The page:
By Noreen Jazul
Tawilis (sardinella tawilis) or bombon sardine which is found only in the Philippines has been listed among “endangered” species by the International Union for Conservation of Nature (IUCN).
The international organization, in a 2018 report, listed the freshwater sardine living in Taal Lake as endangered due to the alarming decrease in its population.
IUCN said overexploitation, pollution, and competition and/or predation with introduced fishes were the three major threats to tawilis and fish diversity within Taal Lake which resulted in “continuing declines in habitat quality and number of mature individuals.”
It noted a significant decline in the catches of tawilis since 1998.
“It is estimated that harvest has declined by about 49% over the past 10 years (more than three generation lengths),” the report said.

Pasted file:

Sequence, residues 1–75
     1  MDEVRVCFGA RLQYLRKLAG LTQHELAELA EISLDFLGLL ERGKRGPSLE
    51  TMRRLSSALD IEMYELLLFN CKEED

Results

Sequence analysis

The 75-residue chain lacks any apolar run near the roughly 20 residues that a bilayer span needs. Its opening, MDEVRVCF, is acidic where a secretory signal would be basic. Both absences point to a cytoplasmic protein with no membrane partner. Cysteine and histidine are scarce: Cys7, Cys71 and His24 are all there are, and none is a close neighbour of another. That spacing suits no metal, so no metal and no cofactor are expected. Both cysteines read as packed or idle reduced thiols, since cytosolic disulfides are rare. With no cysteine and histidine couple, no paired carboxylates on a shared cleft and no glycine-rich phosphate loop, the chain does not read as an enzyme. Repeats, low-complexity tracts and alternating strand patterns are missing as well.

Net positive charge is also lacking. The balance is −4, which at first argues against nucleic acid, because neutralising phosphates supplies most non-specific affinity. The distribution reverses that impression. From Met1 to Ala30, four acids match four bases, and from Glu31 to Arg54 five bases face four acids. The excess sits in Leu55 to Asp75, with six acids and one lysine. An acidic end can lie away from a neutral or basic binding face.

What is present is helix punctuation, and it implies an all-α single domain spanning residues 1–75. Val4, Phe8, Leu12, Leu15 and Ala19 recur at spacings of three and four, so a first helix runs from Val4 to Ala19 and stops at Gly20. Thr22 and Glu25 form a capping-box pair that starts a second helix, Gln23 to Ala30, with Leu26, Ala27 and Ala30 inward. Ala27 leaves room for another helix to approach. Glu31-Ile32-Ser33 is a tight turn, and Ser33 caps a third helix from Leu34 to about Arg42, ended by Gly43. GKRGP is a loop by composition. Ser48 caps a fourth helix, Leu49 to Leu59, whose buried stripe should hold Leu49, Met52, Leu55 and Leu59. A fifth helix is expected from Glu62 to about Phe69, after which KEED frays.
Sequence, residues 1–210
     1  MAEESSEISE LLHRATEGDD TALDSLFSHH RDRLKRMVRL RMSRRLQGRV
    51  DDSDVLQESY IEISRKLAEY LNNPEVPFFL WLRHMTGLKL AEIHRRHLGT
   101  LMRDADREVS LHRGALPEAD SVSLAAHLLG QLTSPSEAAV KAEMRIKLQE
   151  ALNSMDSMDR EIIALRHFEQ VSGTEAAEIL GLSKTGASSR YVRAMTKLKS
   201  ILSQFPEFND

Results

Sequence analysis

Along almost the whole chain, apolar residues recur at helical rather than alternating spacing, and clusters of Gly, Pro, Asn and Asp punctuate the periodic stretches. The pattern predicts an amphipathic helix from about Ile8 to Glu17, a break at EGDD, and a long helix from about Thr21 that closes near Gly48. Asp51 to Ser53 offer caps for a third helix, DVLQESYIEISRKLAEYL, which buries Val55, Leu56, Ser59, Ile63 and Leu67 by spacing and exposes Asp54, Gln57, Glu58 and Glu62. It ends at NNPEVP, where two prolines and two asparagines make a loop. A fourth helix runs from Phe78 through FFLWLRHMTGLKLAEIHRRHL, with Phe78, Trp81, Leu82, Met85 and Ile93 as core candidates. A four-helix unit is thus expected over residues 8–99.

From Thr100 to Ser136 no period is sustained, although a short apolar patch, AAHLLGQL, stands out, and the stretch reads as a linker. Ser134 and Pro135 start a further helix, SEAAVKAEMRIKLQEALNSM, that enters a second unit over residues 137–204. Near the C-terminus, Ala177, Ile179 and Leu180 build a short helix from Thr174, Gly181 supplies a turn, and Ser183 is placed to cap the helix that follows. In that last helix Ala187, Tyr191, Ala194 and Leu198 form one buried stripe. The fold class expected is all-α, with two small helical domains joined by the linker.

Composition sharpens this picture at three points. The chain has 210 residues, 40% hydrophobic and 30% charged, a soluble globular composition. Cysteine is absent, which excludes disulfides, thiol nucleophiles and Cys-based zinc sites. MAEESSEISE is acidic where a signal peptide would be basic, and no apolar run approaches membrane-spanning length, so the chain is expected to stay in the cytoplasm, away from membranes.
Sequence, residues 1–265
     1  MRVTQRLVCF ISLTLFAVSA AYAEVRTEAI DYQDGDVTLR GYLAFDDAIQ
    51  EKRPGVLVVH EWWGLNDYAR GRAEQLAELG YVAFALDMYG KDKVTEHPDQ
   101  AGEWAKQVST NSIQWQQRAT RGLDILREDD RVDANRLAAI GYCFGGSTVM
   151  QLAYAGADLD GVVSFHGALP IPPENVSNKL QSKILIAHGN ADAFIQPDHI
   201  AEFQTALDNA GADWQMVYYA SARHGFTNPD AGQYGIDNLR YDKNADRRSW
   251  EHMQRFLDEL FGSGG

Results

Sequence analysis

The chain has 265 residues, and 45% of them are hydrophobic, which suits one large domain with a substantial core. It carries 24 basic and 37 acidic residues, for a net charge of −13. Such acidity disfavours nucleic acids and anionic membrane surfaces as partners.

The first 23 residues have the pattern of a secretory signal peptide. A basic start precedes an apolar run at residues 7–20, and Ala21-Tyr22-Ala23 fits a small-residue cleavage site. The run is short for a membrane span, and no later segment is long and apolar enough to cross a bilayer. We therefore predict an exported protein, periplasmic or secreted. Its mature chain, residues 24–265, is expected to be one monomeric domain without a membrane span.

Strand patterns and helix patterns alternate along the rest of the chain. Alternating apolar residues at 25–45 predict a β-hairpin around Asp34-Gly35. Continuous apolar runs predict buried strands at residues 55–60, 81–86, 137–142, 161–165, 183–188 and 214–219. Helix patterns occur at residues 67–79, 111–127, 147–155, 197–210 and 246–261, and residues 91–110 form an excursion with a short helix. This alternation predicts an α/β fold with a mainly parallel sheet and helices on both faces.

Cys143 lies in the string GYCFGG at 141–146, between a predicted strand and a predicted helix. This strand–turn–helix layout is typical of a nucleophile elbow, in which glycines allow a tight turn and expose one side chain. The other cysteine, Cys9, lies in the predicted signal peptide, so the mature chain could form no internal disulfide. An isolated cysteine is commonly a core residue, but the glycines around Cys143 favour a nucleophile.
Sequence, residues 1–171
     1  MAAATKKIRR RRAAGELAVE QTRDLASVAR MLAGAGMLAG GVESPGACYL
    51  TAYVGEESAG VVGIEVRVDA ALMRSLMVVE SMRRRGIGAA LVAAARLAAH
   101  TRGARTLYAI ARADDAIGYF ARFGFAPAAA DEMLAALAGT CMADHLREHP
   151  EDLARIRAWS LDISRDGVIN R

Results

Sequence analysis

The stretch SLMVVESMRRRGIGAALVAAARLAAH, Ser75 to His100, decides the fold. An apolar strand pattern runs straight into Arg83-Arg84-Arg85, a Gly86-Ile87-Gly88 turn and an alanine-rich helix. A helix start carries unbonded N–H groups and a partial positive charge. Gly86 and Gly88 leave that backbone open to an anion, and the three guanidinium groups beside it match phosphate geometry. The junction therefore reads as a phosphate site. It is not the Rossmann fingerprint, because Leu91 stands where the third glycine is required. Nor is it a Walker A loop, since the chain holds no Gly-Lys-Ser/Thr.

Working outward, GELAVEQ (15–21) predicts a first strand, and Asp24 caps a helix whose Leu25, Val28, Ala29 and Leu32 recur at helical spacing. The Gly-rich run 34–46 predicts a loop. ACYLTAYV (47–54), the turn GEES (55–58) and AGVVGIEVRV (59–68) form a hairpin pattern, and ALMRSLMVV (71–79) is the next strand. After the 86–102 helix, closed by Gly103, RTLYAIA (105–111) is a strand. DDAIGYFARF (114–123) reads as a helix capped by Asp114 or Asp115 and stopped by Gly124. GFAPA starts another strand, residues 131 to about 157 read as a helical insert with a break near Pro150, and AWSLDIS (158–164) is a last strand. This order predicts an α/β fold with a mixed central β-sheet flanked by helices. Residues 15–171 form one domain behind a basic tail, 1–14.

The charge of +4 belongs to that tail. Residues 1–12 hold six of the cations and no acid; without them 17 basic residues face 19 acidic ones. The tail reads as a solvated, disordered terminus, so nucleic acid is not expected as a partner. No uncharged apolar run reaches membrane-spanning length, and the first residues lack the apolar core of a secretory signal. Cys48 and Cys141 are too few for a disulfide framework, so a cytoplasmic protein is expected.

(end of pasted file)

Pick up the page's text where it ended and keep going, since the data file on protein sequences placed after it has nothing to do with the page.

“Fishing effort using illegal gears which target this species in the lake is increasing, but at this time, the rate of increase has not been quantified specifically, so it is inferred that the population has declined by at least 50% over the past 10 years,” it added.
IUCN reported that the lacustrine species’ habitat, Taal Lake, was subject to “pollution from aquaculture feeds, domestic waste, and unmanaged tourism on the Volcano Island.”
“Aquaculture facilities in Taal Lake have caused habitat destruction and hampered the movement of this species. Competition and/or predation by introduced aquaculture fishes are likely occurring,” the reported stated.
A survey conducted from 1996 to 1999 recorded 27 fish species from 32 families in the lake, which is much lower than records from the 1920s that recorded 101 species from 32 families.
Given this, about 87 percent of fish species had disappeared by 1996, which coincided with the same period that aquaculture began, researchers said.
The group also reported that tawilis was”heavily exploited” from 2008-2009.
Tawilis, the only species of sardinella known to occur exclusively in freshwater, is endemic to Taal Lake.
IUCN said the declining population of Tawilis should be considered a “high” priority for conservation by the Philippine government. (With reports from Ellalyn De Vera-Ruiz)